Barry Beach

Montana Legislature

The Montana House Wednesday overwhelmingly voted to give the governor the power to grant clemency, even if the board of Pardons and Parole disagrees.

Billings Democrat Margie Macdonald says it’s not fair that the Board can block a clemency request from going to the governor.

Montana House Approves Changes To State Parole Board

Jan 26, 2015
Courtesy Montana Legislature

The Montana House gave preliminary approval to two bills to revise the state Board of Probation and Parole.

These bills are among a handful of bills aimed at making the Parole board more accountable and transparent.

Eliza Wiley

Gov. Bullock introduced his Medicaid expansion plan this week. It promises to help the uninsured and bring Montana tax dollars back to the state. Bullock's plan faces opposition from Republicans who worry Medicaid and other welfare programs are riddled with fraud and create disincentives to work.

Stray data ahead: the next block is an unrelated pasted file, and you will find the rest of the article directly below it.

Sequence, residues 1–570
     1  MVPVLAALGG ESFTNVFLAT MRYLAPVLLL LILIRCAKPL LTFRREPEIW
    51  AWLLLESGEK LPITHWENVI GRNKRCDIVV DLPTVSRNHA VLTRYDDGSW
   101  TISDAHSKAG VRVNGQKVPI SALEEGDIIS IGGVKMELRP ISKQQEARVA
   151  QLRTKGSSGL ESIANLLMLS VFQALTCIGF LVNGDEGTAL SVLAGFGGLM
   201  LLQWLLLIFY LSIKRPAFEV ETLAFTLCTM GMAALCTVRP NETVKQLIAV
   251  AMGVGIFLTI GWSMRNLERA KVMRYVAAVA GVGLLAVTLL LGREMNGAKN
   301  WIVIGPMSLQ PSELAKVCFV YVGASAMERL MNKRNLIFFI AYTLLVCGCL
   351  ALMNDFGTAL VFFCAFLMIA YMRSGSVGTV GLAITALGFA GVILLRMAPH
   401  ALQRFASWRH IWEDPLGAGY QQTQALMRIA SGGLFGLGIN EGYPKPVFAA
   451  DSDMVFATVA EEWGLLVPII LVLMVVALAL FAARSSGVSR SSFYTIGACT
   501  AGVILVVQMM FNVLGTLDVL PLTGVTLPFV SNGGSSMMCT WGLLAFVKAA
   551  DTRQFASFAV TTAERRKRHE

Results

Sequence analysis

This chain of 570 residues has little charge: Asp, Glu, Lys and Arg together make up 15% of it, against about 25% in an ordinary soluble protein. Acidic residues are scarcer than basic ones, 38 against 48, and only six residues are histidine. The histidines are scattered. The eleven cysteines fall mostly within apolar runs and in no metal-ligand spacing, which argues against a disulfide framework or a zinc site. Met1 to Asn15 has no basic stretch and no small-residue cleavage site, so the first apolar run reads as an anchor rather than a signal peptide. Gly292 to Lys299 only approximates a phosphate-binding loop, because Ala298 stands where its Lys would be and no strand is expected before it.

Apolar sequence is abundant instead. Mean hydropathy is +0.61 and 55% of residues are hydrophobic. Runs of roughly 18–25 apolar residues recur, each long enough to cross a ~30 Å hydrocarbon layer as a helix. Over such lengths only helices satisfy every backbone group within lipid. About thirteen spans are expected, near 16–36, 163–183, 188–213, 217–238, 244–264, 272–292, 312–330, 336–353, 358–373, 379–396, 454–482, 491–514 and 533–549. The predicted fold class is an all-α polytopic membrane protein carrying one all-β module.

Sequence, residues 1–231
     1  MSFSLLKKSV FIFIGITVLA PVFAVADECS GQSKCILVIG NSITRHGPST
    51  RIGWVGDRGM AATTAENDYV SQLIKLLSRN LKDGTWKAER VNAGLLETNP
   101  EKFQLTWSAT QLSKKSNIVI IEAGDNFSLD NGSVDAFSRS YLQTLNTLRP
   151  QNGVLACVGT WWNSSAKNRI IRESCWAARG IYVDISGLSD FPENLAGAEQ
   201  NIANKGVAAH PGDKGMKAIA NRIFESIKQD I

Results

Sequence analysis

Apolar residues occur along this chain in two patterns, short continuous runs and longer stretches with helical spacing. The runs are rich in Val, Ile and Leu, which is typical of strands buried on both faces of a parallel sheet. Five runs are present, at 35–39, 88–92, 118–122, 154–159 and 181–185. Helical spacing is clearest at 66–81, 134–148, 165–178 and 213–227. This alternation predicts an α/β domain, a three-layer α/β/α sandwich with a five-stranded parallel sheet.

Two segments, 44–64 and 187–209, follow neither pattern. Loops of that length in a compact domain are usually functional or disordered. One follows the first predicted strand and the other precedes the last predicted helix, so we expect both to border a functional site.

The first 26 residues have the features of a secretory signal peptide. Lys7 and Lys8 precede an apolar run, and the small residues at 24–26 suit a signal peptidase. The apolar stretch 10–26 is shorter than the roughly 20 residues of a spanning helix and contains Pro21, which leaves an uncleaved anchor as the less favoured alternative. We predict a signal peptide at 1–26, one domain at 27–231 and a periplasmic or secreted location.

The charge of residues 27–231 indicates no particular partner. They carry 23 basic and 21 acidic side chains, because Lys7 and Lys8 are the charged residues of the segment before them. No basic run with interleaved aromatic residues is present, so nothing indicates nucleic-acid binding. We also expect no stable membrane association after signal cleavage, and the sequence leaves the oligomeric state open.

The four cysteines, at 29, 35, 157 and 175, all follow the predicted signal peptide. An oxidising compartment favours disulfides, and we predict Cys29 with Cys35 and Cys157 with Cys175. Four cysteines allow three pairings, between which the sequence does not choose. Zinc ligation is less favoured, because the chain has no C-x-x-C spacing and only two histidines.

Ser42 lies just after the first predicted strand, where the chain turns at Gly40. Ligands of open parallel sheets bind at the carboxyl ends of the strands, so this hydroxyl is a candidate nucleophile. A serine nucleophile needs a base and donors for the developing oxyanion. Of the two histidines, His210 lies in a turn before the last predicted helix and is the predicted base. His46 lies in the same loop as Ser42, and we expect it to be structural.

Casey Page/Billings Gazette

Montana's parole board this week rejected a clemency application from Barry Beach.
    That means he'll continue to serve a 100-year sentence for the 1979 killing of high school classmate, Kim Nees, on the Fort Peck Indian Reservation.

In an unusual step, Governor Steve Bullock has sent a two-page letter to the state Board of Pardons and Parole, outlining why he thinks the board should recommend clemency for convicted murderer Barry Beach. The board is set to hear Beach's application for clemency April 29th. Beach has already served 30 years of a 100-year sentence for the 1979 murder of Poplar teen Kim Nees. He has long maintained his innocence, and was granted a new trial by a district judge in 2011.